Owning an RV is one of the most rewarding experiences you can have. RVing isn’t just an activity but is a lifestyle that brings us closer to nature and each other with the freedom of taking your home throughout the United States. Not many things are more American than a good old fashioned road trip and to do so safely is imperative. There are a variety of risks that occur every time we step behind the wheel of a vehicle and with an RV, this amplifies further due to its size, weight, and capacity for damage. But there are many steps that RV owners can take for a common-sense approach on keeping you, your loved ones, and other motorists safe all while protecting your RV as well. Take a look at some of these safety tips all RV owners should follow.
Keep Yourself Covered With the Right RV Insurance
A great start to keeping you and your loved ones safe is by enrolling in RV insurance. Car insurance is great and mandatory, but using RV insurance together with your auto policy will help you stay protected against damage, it can help pay for medical costs, and even off put the costs associated with theft. Accidents do happen and some may be well out of your control. Several coverages help RV owners such as Companion Auto, Fulltimer’s Personal Liability, Personal Attachments Coverage, Total Loss Replacement, and Secured Storage.
Know Your Height, Know Your Route
Do you know the exact height of your RV offhand? Did you remember to include things such as your AC unit, satellites, and antennas? It can be really easy to misjudge an overpass and then, boom, a tragedy. Knowing the height of your RV and everything attached to it will help you avoid a costly, dangerous situation. Never pass under an overpass unless you are 100% sure that your RV meets the height requirements necessary for safe travel.
Routine Maintenance is Critical
RVs have a lot of different styles and can come with their own unique sets of repairs and necessary steps of maintenance. Having a busted light or a leaky faucet might be a minor problem but even small repairs and maintenance can lead to dire consequences. Be sure to check your fluid levels, connections, and to ensure that all emergency measures such as fire alarms, carbon monoxide detectors, and all forms of your brakes are in working fashion. Losing a wheel on an RV is a recipe to make the news going 70 mph down the interstate, never take a trip without making sure your tires have adequate pressure. Remember, you are in charge of a vehicle and a home all-in-one. The maintenance that is required for each will be required for your RV and keeping up with these activities will keep you and others safe. Always consult with an expert if action is needed and never drive an RV that is capable of performing at its highest level.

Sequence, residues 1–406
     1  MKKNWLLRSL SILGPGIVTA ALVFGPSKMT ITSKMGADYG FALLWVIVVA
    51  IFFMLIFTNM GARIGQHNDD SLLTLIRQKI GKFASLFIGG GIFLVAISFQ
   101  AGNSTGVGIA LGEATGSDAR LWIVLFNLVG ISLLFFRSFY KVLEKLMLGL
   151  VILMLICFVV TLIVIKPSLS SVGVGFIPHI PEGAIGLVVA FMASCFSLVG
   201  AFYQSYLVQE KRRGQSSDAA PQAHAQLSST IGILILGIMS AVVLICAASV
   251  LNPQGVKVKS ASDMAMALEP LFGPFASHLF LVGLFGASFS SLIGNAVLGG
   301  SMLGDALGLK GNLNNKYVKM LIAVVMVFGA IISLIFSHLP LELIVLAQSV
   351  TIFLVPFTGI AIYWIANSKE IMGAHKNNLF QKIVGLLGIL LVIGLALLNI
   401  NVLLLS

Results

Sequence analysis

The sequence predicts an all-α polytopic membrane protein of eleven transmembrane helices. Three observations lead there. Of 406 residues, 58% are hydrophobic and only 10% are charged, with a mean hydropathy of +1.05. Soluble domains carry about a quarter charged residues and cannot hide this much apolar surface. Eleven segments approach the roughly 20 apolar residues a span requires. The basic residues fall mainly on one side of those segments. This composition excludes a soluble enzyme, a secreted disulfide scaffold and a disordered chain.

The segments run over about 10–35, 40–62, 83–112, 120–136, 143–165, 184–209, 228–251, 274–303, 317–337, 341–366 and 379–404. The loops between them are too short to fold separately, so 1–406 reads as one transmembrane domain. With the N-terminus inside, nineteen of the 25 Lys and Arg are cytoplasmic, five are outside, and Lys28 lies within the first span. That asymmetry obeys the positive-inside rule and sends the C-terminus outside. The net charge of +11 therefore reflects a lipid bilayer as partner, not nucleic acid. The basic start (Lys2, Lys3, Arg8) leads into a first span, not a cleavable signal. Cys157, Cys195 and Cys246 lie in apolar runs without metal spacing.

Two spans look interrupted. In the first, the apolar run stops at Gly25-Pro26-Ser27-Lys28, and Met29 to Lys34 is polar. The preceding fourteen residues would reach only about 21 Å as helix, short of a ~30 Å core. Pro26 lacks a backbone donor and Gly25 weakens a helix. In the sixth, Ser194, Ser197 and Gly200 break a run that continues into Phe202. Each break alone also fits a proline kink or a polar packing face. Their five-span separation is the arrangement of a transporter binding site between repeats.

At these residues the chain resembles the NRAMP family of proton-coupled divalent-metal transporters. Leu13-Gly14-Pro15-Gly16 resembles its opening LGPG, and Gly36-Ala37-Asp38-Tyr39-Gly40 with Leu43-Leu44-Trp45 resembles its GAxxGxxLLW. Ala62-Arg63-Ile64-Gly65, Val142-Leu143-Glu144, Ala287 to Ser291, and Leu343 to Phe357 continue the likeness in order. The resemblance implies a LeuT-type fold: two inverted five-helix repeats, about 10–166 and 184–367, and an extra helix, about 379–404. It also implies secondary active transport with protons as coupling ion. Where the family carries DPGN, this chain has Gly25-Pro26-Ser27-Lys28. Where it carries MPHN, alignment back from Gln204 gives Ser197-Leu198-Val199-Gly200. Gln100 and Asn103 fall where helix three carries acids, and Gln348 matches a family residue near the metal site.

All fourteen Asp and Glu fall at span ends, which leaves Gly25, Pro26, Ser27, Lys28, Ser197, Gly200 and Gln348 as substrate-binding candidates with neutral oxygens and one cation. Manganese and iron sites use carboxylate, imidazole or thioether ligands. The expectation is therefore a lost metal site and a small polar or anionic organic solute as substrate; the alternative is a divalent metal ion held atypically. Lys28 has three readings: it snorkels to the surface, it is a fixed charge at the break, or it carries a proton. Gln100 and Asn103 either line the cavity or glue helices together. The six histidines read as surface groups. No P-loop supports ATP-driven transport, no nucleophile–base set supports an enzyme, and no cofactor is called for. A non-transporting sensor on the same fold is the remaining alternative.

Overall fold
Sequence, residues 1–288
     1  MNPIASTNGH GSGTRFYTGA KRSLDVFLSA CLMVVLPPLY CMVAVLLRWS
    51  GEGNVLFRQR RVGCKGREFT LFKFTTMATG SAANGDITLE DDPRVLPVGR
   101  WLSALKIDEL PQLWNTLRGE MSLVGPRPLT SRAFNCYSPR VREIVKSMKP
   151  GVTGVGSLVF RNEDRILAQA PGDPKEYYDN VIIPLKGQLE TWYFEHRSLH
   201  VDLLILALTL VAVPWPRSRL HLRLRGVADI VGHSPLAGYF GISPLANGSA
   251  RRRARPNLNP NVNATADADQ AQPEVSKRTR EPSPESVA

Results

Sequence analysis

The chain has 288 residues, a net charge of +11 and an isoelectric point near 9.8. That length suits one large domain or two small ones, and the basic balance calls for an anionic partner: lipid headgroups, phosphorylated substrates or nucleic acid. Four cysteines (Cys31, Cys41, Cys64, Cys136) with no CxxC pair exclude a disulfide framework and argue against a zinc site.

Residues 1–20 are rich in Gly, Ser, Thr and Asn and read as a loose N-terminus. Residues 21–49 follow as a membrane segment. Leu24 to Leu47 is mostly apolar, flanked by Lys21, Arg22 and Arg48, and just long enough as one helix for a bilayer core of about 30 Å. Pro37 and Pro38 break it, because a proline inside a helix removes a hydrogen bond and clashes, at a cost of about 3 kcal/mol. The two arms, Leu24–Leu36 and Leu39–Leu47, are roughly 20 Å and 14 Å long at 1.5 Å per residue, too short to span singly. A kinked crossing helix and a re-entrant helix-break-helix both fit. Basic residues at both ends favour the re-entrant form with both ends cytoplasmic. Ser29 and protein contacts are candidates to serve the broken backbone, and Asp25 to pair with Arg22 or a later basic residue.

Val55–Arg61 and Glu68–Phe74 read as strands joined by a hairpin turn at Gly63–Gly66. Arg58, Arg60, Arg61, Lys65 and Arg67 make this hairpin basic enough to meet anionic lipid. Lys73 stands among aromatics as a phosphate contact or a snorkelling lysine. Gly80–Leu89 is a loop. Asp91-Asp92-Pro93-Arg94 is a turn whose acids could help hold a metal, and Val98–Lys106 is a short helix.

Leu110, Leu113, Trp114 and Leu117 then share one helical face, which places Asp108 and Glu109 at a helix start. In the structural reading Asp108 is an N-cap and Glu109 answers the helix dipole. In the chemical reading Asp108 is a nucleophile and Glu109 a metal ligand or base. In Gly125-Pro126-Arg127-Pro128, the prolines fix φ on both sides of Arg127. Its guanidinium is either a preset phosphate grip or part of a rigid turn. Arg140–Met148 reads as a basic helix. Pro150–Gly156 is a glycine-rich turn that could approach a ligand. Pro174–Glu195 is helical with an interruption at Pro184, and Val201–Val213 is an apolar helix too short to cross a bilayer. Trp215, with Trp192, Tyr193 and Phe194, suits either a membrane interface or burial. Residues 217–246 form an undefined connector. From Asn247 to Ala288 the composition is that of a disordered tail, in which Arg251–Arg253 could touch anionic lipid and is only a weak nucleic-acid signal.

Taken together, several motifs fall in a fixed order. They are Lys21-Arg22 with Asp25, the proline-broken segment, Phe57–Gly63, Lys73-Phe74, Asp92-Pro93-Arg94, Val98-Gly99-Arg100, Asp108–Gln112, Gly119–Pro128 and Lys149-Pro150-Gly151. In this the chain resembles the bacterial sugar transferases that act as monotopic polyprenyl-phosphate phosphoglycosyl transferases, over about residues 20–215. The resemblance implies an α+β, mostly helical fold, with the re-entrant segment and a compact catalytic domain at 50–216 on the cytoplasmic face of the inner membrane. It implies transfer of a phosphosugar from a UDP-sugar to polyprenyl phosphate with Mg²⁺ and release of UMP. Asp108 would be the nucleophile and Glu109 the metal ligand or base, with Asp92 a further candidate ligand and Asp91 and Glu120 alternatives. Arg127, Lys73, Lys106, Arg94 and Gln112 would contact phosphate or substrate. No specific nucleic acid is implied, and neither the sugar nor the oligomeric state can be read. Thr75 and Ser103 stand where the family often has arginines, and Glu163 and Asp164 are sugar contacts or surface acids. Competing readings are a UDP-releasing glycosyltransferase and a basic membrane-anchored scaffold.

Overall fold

Check the Weather and Adjust
Knowing the weather you will have to face can help you prepare whether you are driving or not. Driving such a large vehicle can create a dangerous situation should you face unpleasant weather such as thunderstorms or sandstorms. Always pull over or delay a trip should the weather create unsafe conditions for driving but also remember that just because you are parked doesn’t mean you are free from the wrath of nature. Things such as antennas should be grounded and awnings should always be rolled up when the wind is an issue. Fastening down anything that could be moved and picking up outdoor furniture can help minimize damage, prevent injury, and save you the struggle of needing to replace your personal belongings.
Understand Your RV and How to Drive It
RV is a pretty broad term. They come in a variety of shapes, sizes, and functions, and understanding all of the nuances that come with maintaining your RV and driving it, will go a long way in keeping you and others safe on the road. As we mentioned there are plenty of different RV types, here are 5 of the most popular according to Business Insider:
- Travel Trailers- campers pulled behind your vehicle.
- Fifth Wheels– larger trailers with a section featuring a raised floor that requires a “fifth-wheel” attachment to be pulled by a truck.
- Class A Motorhomes– the biggest of the RV family; think your favorite musician’s traveling tour bus.
- Class B Motorhomes– campervans that are the smallest motorhomes on the road.
- Class C Motorhomes– motorhomes that meet in the middle combining features of both Class A and Class B motorhomes into a hybrid type RV.
Pulling a trailer is going to be much different than driving a giant bus. The weight of each RV will be different and knowing how to operate each will help you stay safe. Don’t forget about the extra factors that can go into pulling a vehicle or a boat. It should also be noted that most states have license requirements that dictate who can qualify to legally drive RVs after passing the appropriate driving tests associated with your state.